Whatever David Beckham is -- soccer icon, husband of Posh Spice, global marketing brand, free-kicking metrosexual -- he will not arrive in the US this week as an intended savior.
"I don't want anybody to think Beckham will save soccer in America; it doesn't need to be saved," said Don Garber, the commissioner of Major League Soccer (MLS), the top professional league in the US. "Soccer is doing just fine. Beckham will help it do a little better."
When Beckham, 32, joins the Los Angeles Galaxy and is formally introduced at a news conference on Friday -- having signed a contract worth at least US$5.5 million a year and potentially worth US$250 million over five years in marketing and profit-sharing deals -- he will bring unprecedented buzz and credibility to a league that has grown by small, careful steps and not giant, reckless leaps.
The question that has yet to be answered is whether Beckham's presence will have a shooting star's bright but quickly fading arc, as Pele's did in the 1970s in the North American Soccer League, which went bankrupt.
Or will Beckham's charisma provide sustaining momentum until the next soccer superstar arrives, the way Magic Johnson and Larry Bird reinvigorated the NBA in the 1980s and prepared the way for Michael Jordan's ascendancy?
"What soccer strives for in this country is acceptance in the mainstream," said Sunil Gulati, president of the US Soccer Federation. "No doubt David Beckham's arrival for a period of time makes it mainstream. The question is, can it be part of the cultural fabric as we go forward? This will help. But I don't think one player, one event, can do it."
Soccer officials said that the US might have to win the World Cup before the sport entered the mainstream at home. Still, there could not be a more inviting time for Beckham to arrive and for US soccer to be able to capitalize on his skill and celebrity.
Beckham's career, which was fading after a disappointing World Cup last year, has been rejuvenated. He won a La Liga title in Spain with Real Madrid last month and he has returned to the fold of England's national team, where he formerly was the captain. Even the career of his pop-star wife, Victoria Adams, has gained a lift with an announced reunion of the Spice Girls.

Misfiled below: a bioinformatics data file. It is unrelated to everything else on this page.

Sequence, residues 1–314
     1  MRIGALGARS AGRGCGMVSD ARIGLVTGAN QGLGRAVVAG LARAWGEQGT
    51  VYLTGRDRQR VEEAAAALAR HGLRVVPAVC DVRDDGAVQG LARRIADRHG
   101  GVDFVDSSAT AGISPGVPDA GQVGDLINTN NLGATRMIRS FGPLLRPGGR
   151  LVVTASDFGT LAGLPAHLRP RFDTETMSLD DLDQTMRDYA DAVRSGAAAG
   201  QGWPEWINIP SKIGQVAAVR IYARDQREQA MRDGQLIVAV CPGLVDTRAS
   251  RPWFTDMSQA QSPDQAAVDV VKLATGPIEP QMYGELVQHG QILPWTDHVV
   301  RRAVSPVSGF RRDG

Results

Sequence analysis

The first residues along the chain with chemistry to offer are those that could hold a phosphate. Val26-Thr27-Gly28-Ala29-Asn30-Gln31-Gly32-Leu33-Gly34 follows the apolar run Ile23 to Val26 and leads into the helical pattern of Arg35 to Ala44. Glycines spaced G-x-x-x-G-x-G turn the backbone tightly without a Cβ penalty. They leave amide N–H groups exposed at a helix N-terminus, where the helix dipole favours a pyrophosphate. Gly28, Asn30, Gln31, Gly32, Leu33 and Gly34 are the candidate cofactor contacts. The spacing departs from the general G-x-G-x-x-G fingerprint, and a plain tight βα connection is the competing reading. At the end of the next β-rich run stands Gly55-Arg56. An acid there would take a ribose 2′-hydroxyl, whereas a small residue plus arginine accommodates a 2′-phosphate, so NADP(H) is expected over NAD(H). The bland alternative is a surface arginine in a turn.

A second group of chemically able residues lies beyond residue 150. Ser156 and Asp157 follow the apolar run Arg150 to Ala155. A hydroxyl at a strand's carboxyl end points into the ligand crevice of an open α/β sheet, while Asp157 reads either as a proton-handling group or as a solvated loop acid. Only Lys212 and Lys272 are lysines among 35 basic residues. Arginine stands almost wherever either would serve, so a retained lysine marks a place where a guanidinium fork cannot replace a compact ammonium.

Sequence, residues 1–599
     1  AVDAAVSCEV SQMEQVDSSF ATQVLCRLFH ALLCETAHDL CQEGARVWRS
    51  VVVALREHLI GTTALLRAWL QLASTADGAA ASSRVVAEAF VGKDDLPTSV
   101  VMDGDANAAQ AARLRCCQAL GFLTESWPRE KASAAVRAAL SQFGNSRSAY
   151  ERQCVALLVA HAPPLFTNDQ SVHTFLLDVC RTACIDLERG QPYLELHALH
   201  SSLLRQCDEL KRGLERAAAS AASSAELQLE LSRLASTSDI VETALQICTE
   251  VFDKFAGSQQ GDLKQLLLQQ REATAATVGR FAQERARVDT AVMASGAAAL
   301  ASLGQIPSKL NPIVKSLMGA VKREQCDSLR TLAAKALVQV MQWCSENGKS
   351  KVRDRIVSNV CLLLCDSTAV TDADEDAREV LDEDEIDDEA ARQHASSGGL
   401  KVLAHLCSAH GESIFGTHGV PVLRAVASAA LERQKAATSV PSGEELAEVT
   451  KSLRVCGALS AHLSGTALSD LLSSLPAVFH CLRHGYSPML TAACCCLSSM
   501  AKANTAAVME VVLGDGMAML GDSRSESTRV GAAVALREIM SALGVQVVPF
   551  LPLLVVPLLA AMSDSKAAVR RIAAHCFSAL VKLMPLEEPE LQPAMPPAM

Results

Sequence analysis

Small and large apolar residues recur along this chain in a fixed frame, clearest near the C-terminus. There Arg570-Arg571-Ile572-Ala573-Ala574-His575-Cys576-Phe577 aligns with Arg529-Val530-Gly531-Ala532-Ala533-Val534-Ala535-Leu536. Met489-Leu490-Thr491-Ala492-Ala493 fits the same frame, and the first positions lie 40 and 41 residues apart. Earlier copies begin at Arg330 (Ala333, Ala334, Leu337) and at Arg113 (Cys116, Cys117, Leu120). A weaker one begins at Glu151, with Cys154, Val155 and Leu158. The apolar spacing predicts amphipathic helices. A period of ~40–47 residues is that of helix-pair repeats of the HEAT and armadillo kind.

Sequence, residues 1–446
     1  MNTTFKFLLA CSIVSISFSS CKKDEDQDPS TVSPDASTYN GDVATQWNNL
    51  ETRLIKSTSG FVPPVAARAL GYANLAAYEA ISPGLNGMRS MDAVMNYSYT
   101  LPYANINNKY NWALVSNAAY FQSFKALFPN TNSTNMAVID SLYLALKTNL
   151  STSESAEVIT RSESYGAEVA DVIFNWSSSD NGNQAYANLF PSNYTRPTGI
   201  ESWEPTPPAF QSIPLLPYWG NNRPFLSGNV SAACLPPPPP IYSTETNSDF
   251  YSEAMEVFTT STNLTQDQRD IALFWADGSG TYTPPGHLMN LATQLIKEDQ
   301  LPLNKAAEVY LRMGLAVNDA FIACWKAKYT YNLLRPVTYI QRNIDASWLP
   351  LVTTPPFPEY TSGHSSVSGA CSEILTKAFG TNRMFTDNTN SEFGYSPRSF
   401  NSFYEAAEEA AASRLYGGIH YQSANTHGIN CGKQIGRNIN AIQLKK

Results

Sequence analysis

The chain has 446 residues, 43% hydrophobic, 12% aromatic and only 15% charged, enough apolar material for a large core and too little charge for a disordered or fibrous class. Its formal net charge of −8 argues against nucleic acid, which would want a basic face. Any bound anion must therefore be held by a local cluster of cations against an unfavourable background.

Soccer, while not enjoying the consuming interest that it has around the world, has seemingly never been more popular in the US. It has arrived -- if not by a long-anticipated revolution, then by slow, steady, stealthy growth.
The final of last month's Gold Cup, a regional tournament that featured the US and Mexico in the championship game, drew 40 percent more television households than did the concluding game of the NHL's Stanley Cup finals.
The combined US television audience for the final of the last year's World Cup on ABC and Spanish-language Univision was 16.9 million viewers, compared with an average audience of 15.8 million viewers for last year's World Series on Fox.
Soccer has become a staple of autumn weekends in suburbia. The Sporting Goods Manufacturers Association said that 14.5 million people in the US played soccer last year and two-thirds of them were younger than 18.
Given the increasing Hispanic influence in this country and the viewing choices available with three cable networks devoted exclusively to soccer, "we can't expect the 18-to-35-white male to be the sole metric for sports on television," said David Carter, the executive director of the Sports Business Institute at the University of Southern California. "The interest in soccer on a global basis is clearly penetrating the domestic market."